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to multiobjective problems it is unclear how global guides for particles should be selected. Previous work has relied on metric information in objective space, although this is at variance with the notion of dominance which is used to assess the quality of solutions. Here we propose methods based exclusively on dominance for selecting guides from a nondominated archive. The methods are evaluated on standard test problems and we find that probabilistic selection favouring archival particles that dominate few particles provides good convergence towards and coverage of the Pareto front. We demonstrate that the scheme is robust to changes in objective scaling. We propose and evaluate methods for confining particles to the feasible region, and find that allowing particles to explore regions close to the constraint boundaries is important to ensure convergence to the Pareto front. 1
Multiobjective Optimization Using Parallel Vector Evaluated Particle Swarm Optimization
 In Proceedings of the IASTED International Conference on Artificial Intelligence and Applications (AIA 2004
, 2004
"... This paper studies a parallel version of the Vector Evaluated Particle Swarm Optimization (VEPSO) method for multiobjective problems. Experiments on well known and widely used test problems are performed, aiming at investigating both the efficiency of VEPSO as well as the advantages of the parallel ..."
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Cited by 11 (2 self)
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This paper studies a parallel version of the Vector Evaluated Particle Swarm Optimization (VEPSO) method for multiobjective problems. Experiments on well known and widely used test problems are performed, aiming at investigating both the efficiency of VEPSO as well as the advantages of the parallel implementation. The obtained results are compared with the corresponding results of the Vector Evaluated Genetic Algorithm approach, yielding the superiority of VEPSO.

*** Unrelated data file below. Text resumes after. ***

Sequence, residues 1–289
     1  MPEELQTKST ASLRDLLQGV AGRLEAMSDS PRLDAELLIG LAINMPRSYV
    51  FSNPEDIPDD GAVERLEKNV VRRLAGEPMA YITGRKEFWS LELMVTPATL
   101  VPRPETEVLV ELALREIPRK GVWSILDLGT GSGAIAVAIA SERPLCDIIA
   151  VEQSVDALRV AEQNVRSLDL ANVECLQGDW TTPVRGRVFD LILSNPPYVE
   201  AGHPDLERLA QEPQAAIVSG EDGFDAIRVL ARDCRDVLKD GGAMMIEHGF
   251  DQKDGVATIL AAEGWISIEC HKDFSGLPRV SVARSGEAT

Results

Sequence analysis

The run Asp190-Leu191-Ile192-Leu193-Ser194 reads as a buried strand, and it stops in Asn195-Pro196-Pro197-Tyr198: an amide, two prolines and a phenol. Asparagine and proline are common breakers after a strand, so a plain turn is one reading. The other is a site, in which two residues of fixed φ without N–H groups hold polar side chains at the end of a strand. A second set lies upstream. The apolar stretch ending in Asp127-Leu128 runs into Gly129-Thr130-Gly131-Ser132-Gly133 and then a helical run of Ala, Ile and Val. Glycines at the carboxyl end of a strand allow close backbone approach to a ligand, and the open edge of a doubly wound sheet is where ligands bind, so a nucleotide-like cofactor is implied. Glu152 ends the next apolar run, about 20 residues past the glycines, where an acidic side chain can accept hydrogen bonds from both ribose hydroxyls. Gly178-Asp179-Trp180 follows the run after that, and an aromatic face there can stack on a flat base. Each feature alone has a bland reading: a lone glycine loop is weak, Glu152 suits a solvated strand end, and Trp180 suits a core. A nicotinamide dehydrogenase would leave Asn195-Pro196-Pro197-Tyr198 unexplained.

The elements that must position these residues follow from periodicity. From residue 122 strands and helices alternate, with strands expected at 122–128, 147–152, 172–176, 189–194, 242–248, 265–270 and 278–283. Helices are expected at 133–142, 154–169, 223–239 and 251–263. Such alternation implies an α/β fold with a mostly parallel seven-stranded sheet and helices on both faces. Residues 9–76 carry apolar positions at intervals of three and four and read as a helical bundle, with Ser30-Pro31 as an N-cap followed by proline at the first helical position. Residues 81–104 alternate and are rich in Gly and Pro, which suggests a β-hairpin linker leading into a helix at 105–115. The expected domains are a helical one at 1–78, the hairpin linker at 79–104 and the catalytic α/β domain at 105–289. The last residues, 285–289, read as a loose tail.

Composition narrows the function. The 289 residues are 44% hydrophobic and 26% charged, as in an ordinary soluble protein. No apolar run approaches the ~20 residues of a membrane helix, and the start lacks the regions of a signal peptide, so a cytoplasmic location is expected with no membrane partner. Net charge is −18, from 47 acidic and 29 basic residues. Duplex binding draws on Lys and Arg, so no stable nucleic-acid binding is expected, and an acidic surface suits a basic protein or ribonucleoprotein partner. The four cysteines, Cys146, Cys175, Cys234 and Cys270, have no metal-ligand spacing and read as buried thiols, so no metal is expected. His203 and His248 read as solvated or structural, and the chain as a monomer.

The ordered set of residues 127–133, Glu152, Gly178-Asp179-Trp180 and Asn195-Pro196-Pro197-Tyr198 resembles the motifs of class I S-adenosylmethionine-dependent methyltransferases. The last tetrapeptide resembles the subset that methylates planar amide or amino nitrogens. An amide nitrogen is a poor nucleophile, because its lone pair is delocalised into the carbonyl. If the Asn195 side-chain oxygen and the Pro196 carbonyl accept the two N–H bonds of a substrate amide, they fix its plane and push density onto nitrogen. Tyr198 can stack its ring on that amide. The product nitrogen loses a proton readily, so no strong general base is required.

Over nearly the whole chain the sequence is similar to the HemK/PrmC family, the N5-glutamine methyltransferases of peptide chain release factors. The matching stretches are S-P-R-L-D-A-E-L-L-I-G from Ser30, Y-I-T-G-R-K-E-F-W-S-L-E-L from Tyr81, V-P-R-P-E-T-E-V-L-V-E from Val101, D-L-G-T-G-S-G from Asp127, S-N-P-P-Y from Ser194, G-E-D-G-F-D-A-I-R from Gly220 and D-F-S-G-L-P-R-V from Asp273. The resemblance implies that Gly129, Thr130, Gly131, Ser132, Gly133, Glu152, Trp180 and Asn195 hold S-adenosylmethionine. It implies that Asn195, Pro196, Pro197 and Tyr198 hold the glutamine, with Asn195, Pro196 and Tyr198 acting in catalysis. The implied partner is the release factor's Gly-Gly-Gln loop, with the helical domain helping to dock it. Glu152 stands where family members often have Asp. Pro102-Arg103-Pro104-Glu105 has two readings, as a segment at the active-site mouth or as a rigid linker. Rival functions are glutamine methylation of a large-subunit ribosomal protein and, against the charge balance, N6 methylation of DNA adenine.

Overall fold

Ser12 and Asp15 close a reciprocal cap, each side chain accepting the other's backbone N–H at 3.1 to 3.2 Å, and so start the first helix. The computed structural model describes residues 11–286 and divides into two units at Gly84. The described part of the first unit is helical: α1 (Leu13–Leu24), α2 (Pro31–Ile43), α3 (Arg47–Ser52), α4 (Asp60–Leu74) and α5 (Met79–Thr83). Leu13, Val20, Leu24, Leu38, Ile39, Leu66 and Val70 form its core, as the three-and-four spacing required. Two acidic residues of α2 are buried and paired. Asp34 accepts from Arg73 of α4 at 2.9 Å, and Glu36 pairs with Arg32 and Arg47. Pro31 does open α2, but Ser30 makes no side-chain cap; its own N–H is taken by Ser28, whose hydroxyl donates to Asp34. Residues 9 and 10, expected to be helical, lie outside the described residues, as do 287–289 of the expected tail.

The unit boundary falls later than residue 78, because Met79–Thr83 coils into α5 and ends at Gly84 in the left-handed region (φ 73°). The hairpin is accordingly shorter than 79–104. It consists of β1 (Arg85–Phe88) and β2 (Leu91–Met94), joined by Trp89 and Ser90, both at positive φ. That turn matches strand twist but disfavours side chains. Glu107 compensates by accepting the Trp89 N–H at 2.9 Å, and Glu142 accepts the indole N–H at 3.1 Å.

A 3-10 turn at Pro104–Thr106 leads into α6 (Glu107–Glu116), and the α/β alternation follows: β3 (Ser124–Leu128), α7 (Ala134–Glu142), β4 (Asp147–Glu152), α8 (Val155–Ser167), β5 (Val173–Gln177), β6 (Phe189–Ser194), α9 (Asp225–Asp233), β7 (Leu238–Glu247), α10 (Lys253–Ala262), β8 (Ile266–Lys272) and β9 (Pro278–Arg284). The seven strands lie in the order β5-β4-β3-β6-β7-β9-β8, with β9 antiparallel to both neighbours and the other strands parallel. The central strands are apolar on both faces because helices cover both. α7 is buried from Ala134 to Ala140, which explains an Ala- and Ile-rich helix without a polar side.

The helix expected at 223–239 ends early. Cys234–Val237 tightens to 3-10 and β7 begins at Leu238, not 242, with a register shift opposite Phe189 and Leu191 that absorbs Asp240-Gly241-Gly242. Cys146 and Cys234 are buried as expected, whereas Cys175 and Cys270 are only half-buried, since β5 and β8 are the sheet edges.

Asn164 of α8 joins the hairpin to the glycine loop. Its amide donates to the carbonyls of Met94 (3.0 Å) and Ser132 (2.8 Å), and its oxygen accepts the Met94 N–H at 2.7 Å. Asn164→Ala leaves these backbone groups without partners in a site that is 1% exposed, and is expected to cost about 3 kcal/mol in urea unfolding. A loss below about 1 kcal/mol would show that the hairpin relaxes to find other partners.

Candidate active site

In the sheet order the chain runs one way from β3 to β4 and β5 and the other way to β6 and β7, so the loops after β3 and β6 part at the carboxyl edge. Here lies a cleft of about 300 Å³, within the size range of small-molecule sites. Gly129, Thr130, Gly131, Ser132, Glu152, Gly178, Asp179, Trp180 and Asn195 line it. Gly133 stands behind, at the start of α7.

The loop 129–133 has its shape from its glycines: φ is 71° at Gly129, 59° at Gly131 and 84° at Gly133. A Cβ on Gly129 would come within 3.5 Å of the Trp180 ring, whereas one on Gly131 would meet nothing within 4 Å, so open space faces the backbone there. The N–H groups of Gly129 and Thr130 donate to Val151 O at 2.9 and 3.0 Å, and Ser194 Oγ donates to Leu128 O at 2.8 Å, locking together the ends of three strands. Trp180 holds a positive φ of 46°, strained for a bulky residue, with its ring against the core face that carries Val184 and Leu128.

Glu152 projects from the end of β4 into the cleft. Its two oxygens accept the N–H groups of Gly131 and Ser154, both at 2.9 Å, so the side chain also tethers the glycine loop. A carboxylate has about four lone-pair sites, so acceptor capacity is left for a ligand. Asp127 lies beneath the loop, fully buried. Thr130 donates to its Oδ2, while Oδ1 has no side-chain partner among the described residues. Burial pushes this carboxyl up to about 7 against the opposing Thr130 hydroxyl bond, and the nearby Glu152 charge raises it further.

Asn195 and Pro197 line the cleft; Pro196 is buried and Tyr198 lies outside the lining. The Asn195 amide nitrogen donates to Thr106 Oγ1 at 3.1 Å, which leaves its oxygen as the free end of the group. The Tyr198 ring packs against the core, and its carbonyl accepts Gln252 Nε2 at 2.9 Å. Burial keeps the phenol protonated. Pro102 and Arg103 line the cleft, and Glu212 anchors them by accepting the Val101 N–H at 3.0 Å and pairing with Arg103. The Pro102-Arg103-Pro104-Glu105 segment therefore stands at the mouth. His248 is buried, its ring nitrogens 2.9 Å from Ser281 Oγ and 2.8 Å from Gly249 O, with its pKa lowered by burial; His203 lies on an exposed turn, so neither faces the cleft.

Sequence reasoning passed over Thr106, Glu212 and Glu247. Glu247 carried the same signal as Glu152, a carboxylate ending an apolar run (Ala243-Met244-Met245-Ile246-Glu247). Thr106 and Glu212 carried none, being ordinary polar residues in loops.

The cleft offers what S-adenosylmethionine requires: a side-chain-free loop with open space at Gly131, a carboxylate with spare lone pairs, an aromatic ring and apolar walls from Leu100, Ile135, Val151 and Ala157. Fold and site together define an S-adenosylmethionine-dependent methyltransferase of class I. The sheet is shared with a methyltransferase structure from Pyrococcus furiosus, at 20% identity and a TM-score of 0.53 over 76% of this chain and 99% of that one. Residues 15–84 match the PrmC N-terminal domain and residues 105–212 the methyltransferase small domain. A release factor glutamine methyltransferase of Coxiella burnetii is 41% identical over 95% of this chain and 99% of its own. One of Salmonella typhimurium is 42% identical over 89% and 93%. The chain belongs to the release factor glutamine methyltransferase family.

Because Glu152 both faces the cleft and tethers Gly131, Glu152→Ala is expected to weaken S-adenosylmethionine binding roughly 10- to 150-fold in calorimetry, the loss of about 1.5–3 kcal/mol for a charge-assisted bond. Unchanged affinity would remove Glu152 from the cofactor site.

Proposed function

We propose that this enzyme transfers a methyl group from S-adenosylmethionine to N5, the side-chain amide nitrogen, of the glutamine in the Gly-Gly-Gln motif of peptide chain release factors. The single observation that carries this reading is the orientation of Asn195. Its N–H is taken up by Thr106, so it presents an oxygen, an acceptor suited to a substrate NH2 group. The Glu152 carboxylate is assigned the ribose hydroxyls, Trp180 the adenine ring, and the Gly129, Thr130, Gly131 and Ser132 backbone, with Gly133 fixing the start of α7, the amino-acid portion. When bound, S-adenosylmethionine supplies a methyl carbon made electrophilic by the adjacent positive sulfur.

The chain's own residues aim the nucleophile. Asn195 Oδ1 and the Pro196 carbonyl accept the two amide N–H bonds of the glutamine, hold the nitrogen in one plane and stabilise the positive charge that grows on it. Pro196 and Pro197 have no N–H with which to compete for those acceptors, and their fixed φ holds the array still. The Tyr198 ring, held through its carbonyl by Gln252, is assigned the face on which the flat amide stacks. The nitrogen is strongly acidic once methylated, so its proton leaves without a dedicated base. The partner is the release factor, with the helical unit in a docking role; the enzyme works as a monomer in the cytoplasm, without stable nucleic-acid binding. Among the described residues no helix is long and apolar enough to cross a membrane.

Covering paretooptimal fronts by subswarms in multiobjective particle swarm optimization
 In 2004 Congress on Evolutionary Computation (CEC’2004
, 2004
"... Abstract — Covering the whole set of Paretooptimal solutions is a desired task of multiobjective optimization methods. Because in general it is not possible to determine this set, a restricted amount of solutions are typically delivered in the output to decision makers. In this paper, we propose a ..."
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Cited by 10 (1 self)
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Abstract — Covering the whole set of Paretooptimal solutions is a desired task of multiobjective optimization methods. Because in general it is not possible to determine this set, a restricted amount of solutions are typically delivered in the output to decision makers. In this paper, we propose a new method using multiobjective particle swarm optimization to cover the Paretooptimal front. The method works in two phases. In phase 1 the goal is to obtain a good approximation of the Paretofront. In a second run subswarms are generated to cover the Paretofront. The method is evaluated using different test functions and compared with an existing covering method using a real world example in antenna design. I.